Monday, October 22, 2012

Dion Phaneuf: Seeing The Leafs' Captain For What He Is

When it comes to balancing fandom and player valuations, there are 3 basic categories: underrated, overrated, appropriately-rated. A lot of factors are at play when applying one of these labels, including; past performance, age, pedigree, salary, team situation...etc. You can spend countless hours at a local pub or over BBM (as I’m wont to do [Ed. Note: I can confirm this]) arguing over where a certain player should fall. 

What’s interesting is that there are some rare players who skew so far to one side or another that they eventually find themselves on the other end of the spectrum. This brings me to our quasi-beloved Captain, Dion Phaneuf; so consistently labelled overrated in the media (and even by his peers) that he may be in the process of becoming underrated.

He broke into the league on fire (quite literally, there was a flame on his chest) amassing 49 points, 242 shots, and an array of jaw-dropping open ice hits that conjured up wistful memories of a young Scott Stevens. Add to that being a Calder finalist alongside a couple guys named Sid and Ovie and the expectations for Dion were set astronomically high. Yes, from the very beginning, Phaneuf was likely destined to be overrated, failing to deliver on the meteoric expectations heaped upon him. What’s lost beneath the stories of an unceremonious departure from Calgary and mere mortal point totals of late is that the 27-year old Edmonton native might actually be a pretty good hockey player.

We wanted to highlight a few of Dion's basic stats and a few of the more advanced ones to see if the poster boy for over-valuation may in fact be considered so overrated that we’re not fully appreciating what he does bring to the team.

Time On Ice

Last year Dion had an average ice time of 25:17 per game. This placed him 10th in the league, ahead of some major minute eating stalwarts such as; Zdeno Chara, Kris Letang, Drew Doughty, and Brent Seabrook. While ice time isn’t necessarily an indicator of talent, it can be used directionally to show a players value to his team.

I’ve written before that it would be interesting to see Dion playing nearer to 22 or 23 minutes per game, allowing him to be more explosive and take more chances on the offensive side of the puck. My hypothesis being that he sometimes manages his minutes since there are so many of them.

Shots on Goal

One of the great aspects of Phaneuf's game is his willingness to shoot the puck. Over the last three years he has compiled 225, 190, and 202 shots, respectively.  In 2011-12 he placed in a tie for 8th overall for defensemen SOG.

7 – P.K. Subban: 205

T8 – Alex Pietrangelo: 202

T8 – Dion Phaneuf: 202

10 – Brent Burns: 201

11 – Kieth Yandle: 196

Additionally, of the top 20 defensemen in SOG, Dion had the 7th best shooting percentage at a respectable 5.9 percent. Indicating that he isn’t just wildly padding his shot totals with needless attempts (a-la Jason Blake).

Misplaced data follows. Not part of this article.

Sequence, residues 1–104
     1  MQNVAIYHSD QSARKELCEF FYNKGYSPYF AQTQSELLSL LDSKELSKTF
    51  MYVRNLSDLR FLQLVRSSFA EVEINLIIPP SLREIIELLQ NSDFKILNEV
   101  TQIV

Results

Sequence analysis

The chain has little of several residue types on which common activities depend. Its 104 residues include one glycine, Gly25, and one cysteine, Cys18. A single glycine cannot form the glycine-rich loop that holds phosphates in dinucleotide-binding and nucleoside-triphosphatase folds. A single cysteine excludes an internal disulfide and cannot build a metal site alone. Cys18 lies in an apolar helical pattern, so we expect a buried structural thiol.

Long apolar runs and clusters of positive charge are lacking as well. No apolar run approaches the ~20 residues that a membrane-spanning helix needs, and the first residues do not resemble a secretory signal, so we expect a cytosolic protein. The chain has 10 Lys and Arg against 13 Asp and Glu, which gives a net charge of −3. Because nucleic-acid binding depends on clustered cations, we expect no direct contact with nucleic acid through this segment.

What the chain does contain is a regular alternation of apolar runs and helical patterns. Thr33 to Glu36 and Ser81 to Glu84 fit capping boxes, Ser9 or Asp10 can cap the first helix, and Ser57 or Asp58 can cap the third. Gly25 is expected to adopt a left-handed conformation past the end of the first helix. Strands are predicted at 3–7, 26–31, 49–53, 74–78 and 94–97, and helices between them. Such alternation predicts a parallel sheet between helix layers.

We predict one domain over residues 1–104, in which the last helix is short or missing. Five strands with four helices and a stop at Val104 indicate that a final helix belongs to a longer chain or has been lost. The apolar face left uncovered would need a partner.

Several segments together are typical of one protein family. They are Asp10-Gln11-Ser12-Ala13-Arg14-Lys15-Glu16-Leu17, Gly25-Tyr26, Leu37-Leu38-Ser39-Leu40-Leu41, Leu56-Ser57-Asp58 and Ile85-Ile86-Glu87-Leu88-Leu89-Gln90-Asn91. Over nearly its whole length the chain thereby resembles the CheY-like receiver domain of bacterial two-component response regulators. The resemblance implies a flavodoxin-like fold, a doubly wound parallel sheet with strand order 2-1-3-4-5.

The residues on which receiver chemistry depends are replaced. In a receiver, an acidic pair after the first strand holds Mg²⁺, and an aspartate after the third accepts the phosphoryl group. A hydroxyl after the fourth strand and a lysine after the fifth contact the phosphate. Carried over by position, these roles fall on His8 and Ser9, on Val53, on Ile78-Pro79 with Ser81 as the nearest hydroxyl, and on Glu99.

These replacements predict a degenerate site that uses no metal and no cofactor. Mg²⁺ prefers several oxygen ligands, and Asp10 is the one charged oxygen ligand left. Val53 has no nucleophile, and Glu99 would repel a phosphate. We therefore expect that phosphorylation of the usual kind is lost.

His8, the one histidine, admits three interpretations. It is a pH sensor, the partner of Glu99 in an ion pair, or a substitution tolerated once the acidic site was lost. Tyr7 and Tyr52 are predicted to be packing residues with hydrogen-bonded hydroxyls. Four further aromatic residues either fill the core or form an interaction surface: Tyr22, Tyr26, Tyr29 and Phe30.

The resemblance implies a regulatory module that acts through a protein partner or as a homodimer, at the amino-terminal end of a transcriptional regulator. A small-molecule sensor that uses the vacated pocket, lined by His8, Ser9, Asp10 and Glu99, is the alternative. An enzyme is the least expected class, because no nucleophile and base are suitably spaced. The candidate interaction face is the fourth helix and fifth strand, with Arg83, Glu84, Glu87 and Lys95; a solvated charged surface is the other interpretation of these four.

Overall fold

Zone Starts

Throughout the season Dion is used as the number one option on defense both on the power play and the penalty kill. However, even at even strength he isn’t given the nearly the number of 5 on 5 offensive zone starts as other Leafs, shown below:

Jake Gardiner: 56.0%

Cody Franson: 52.0%

John Micheal-Liles: 51.6%

Luke Schenn: 50.7%

Dion Phaneuf: 50.0%

Carl Gunnarsson: 45.4%

Michael Komisarek: 42.4%

This shows that at even strength the pairing of Phaneuf and Gunnarsson is being given the more difficult defensive zone starts. This serves to highlight that Dion is being counted on to lead the D corps both in generating offence and in a shut down role.

Note: Mike Komisarek's lack of O-zone starts likely has less to do with the team saving him for the defensive end and more to do with his inability to play hockey.  

Offensive Production

Yes, I know for you budding statisticians out there looking at goals and assists is a tad passe -- like using RBI and runs to value a baseball player (so 1990s). But, as long as hockey remains a goal scoring competition wherein the team with more goals wins it's still something worthy of consideration. When it comes to offensive production from the back end there are few who do it more consistently across the board than Phaneuf.

In 2011-12 he finished in a tie for 7th in goals for defensemen, with 12 . Overall he put up 44 points, leaving him 12th among blue liners, ahead of notables like Keith Yandle, Kimmo Timonen, Niklas Kronwall, and Drew Doughty.

On the power play he was considerably more potent, contributing 7 goals, the 4th most in the league. Here he only trailed Zdeno Chara (8), Jason Garrison (9), and the 14-million dollar man Shea Weber (10).

I don’t mean to completely glaze over Dion’s faults, because we all know they exist. He can at times appear lethargic in his own end and is prone to mistakes at the other team's blue line that can lead to odd man rushes in the opposite direction. The bone crunching open ice hits don’t appear as frequently as they did in Calgary, perhaps a symptom of added fatigue, or maybe Dion is just getting older.

He certainly has his warts, and there are many that haven’t been listed above. Phaneuf may never again eclipse the 20 goal mark, or score 60 points, two feats he accomplished in Calgary. No, you wouldn’t build your team around him over Crosby or Ovechkin, you wouldn’t even take him as one of the top 5 defensemen in the league.

As we look to Phaneuf to lead the Leafs' defence in the post lockout NHL I hope we can look at him for what he is. He shouldn’t be forced to sink under the immense weight of the superstar potential he flashed out West. Moving forward I hope to avoid using either the overrated or underrated label when describing Phaneuf, and simply refer to him as a very good and productive NHL defenseman – and that’s something you can never have too many of.

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